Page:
Did you giggle? Did you think it was that other word for a moment? Me, too. Well this one is "to make a god of," or to deify.
1983 – Purim
It's a Jewish holiday that's literally on the calendar.
1987 – Staphylococci
This is when it starts getting really crazy, and now I understand why nobody ever invited me to enter a spelling bee when I was a kid. Close your eyes and try to spell that word after you just read it. I'll wait.
Are you back for the definition? It's a bacteria. Ever heard of a "staph infection"? That's because your doctor couldn't pronounce "staphylococci."
1991 – Antipyretic
I'm sorry, is the Scripps Spelling Bee only open to children who are pre-med now, or what? An antipyretic is something that prevents a fever, like a cool washcloth, or Tylenol, or more cowbell.
1995 – Xanthosis
Well, that answers that question. How obscure is this medical term? Well, I entered it into the Merriam-Webster online dictionary, and it wasn't there. I did eventually find the definition, but it's gross and you don't want or need to hear it, so let's move on. Oh, you're still here? Fine, it's "a yellowish discoloration of degenerating tissues, especially seen in malignant neoplasms." Are you happy now?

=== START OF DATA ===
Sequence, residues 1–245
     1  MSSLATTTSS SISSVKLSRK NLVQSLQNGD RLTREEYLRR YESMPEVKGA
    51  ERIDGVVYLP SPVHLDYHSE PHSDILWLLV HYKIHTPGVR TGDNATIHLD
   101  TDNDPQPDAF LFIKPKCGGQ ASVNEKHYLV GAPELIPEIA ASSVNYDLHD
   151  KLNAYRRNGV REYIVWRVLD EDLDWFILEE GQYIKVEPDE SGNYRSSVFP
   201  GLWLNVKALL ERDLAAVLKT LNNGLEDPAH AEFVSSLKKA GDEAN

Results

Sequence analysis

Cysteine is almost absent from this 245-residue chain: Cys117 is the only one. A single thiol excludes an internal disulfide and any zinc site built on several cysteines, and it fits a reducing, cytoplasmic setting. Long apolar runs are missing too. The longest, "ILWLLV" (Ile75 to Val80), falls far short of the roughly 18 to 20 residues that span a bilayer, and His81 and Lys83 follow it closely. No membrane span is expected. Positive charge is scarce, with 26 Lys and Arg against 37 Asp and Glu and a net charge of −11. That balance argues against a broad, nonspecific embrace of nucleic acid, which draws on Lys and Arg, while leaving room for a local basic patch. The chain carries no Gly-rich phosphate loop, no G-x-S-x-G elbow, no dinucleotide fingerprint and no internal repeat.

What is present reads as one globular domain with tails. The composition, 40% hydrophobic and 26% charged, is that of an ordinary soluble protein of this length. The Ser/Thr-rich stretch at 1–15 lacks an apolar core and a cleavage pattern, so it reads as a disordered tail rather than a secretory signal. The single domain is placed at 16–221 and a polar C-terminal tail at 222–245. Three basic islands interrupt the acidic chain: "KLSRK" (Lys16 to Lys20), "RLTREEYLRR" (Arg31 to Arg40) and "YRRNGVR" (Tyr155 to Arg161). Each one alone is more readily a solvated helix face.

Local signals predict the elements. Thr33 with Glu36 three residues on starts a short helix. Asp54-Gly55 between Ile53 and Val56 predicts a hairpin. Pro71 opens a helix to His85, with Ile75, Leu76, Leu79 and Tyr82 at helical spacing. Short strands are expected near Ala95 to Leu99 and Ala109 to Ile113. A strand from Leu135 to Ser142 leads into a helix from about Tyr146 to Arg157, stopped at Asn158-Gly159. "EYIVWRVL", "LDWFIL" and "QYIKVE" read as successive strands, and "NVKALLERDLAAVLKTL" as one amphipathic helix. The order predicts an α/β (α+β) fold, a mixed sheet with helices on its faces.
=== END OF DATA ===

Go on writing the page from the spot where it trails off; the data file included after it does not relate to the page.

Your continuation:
2001 – Succedaneum
Another medical word. It means "substitute." As in, "Hey, you, what is a good succedaneum for 'succedaneum'? 'Subsitute.'"
2006 – Ursprache
"A reconstructed, hypothetical parent language, as Proto-Germanic"? Good God, I don't even understand the definition of this word. Congratulations, Scripps, you've made me feel like a complete moron.
2011 – Cymotrichous
I'd like to think that I could sound this out if I needed to, but honestly, when would I ever need to? Why couldn't I just say "with wavy hair"? If we're going to be introducing new words every year, like "twerk" and "bling" and "bae," shouldn't we at least be allowed to retire useless ones? Kind of like a one-in, one-out thing?
2015 – Scherenschnitte
Why? Why would American schoolchildren ever need to know the German word for the art of paper cutting? If you need me, I'll be starting a GoFundMe campaign to provide all the Scripps Spelling Bee contestants with Xboxes, because these poor kids need a break.